by Jorge Gomez • 7 min read
Christian bakers Aaron and Melissa Klein, owners of Sweet Cakes by Melissa, are taking their case to the U.S. Supreme Court. First Liberty recently submitted a petition asking the nation’s highest court to hear their case.
We’re asking the Court to reverse a state court decision that effectively forced the Kleins to shut down their family bakery. They declined to create a custom cake for a same-sex wedding because doing so would force them convey a message that conflicts with their religious beliefs. An Oregon state agency ruled the Kleins violated the state’s public accommodations law and imposed a financially devastating penalty of $135,000 against them.
Our attorneys argue that the Constitution protects the Kleins and all Americans from being forced to express a message with which they disagree. The brief states, “Forcing artists to design, create, and decorate custom products against their strongest beliefs abridges the freedom protected by the Free Speech Clause” of the First Amendment.
In recent years, we’ve witnessed an alarming rise in attacks against religious people in the marketplace. From cake artists and florists to photographers and designers, countless business owners are facing the threat of closure for operating in accordance with their religious beliefs. It’s almost impossible to ignore this is one of the most pressing issues, affecting millions of Americans.
That’s why a victory for Aaron and Melissa at the Supreme Court wouldn’t just deliver sweet justice for this family. A win for them could potentially set a precedent that protects you and countless religious Americans from being forced to choose between violating their beliefs or losing their business.
The Search for Sweet Justice
For Aaron and Melissa, their family bakery was much more than just a business. It was a passion, a form of expression, a second home—and a legacy they hoped to pass on to their five children. In Melissa’s own words, the bakery was a “dream come true.” When the State of Oregon decided they were wrong for running their family business according to their faith, that dream came to a crashing halt.
“Having to shut down the shop was devastating,” said Melissa. “Watching something our family had worked so hard on for years to build just disappear in such a short time—it crushed me. I felt like I’d lost a part of myself.”
The state imposed a crippling financial penalty on the family bakery. State officials felt the need to force Aaron and Melissa to conform to the cultural orthodoxy. Toleration of different beliefs wasn’t enough. The government sought to coerce them to celebrate the ideas with which they disagree, even suggesting their family needed to be “rehabilitated” in their beliefs.
Such blatant hostility is unconstitutional, and First Liberty has been fighting in court for several years to put a stop to it. But state courts have refused to restore Aaron and Melissa’s constitutional rights.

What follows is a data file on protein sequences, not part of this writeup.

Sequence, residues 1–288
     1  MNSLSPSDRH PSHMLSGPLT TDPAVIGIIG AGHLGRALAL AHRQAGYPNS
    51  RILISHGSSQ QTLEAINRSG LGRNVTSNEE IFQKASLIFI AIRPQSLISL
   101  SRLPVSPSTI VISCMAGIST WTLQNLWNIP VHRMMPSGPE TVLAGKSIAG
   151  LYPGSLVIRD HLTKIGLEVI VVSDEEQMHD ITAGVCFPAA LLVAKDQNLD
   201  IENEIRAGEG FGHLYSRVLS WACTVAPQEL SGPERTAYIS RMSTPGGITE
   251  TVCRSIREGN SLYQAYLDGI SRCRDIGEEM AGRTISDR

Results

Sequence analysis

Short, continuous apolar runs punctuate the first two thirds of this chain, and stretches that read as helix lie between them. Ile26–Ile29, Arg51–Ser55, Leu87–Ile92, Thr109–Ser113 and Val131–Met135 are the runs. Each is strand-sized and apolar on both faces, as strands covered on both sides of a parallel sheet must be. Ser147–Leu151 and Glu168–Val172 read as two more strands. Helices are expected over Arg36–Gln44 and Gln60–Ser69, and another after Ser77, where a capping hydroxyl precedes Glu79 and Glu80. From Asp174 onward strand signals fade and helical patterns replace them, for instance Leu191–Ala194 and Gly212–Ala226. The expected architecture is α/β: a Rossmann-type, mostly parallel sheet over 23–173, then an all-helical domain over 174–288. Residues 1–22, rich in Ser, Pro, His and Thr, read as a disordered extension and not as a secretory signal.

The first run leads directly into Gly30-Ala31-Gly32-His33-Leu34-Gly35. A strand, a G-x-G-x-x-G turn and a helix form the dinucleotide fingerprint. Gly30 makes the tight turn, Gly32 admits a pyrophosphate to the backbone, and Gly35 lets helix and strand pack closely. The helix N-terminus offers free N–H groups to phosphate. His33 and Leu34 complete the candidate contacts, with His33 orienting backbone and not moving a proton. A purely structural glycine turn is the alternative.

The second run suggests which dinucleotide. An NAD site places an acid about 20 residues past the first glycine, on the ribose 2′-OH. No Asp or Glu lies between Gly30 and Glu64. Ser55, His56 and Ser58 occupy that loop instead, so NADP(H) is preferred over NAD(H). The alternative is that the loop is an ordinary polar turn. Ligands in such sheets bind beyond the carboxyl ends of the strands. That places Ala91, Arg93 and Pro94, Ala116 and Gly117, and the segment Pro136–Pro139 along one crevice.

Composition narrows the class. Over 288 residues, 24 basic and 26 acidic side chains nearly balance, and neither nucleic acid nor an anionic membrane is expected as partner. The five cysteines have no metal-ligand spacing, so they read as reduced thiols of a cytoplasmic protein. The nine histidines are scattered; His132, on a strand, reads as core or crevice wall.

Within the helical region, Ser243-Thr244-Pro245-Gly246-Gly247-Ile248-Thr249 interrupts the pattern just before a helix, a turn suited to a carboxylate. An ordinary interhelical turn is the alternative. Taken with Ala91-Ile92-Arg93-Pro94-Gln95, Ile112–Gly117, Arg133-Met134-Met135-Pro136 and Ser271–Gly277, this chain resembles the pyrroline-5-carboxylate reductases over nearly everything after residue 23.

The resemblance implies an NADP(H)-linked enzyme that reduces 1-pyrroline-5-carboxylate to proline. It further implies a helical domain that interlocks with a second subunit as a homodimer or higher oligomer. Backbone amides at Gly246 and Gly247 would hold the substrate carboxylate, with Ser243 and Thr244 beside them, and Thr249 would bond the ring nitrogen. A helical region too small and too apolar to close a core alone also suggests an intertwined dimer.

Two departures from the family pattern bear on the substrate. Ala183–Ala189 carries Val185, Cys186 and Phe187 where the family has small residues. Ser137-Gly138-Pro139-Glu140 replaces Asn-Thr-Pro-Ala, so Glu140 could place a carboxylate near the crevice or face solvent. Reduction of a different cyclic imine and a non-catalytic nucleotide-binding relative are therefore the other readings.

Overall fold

A few years ago, First Liberty took their case to the U.S. Supreme Court. At that time, the Supreme Court vacated the state court decision and sent the case back to Oregon officials and courts with a clear message: Aaron and Melissa Klein are “entitled to the neutral and respectful consideration” of their claims. What’s more, the Supreme Court has said they deserve the same protection from religious discrimination afforded to cake artist Jack Phillips in the Masterpiece Cakeshop v. Colorado case, an important victory for religious liberty.
Earlier this year, the Oregon Court of Appeals ruled that the Oregon Bureau of Labor and Industries—a bureaucratic state agency—acted with hostility against them because of their religious beliefs. However, it sent the case back to the Bureau of Labor and Industries for a do-over—the same hostile agency that acted as prosecutor, judge and jury the first time around. We appealed this decision to the Oregon Supreme Court, but it declined to hear their case. In July 2022, without ordering a new hearing, the Bureau of Labor and Industries reduced the damage award from $135,000 to $30,000.
Why This One Takes the Cake
The Sweet Cakes case presents the U.S. Supreme Court with a vital question: Can the government compel Americans to create a message that conflicts with their deepest convictions? That key constitutional question was never considered by the Court in the Masterpiece case.
The answer, of course, is “No.” The Constitution’s protection of freedom of speech has always included the freedom not to speak the government’s message. It also safeguards religious Americans from being coerced by the government to create or express messages that would violate their beliefs.
For the Kleins—and for all faith-based, small business owners—a win in this case would be immensely important. A victory would be a huge step in the right direction to restore and protect religious liberty in the marketplace. It could deliver relief to countless faith-based business owners who face hostile treatment and the real threat of closure and bankruptcy because of their beliefs.
Aaron and Melissa deserve justice. With your support, we can deliver a victory for them—and for many other business owners facing the threat of being canceled. No American should lose their business, their livelihood or their job for living out their faith.
Please donate to First Liberty today and help replenish our resources for the next phase of this critical battle.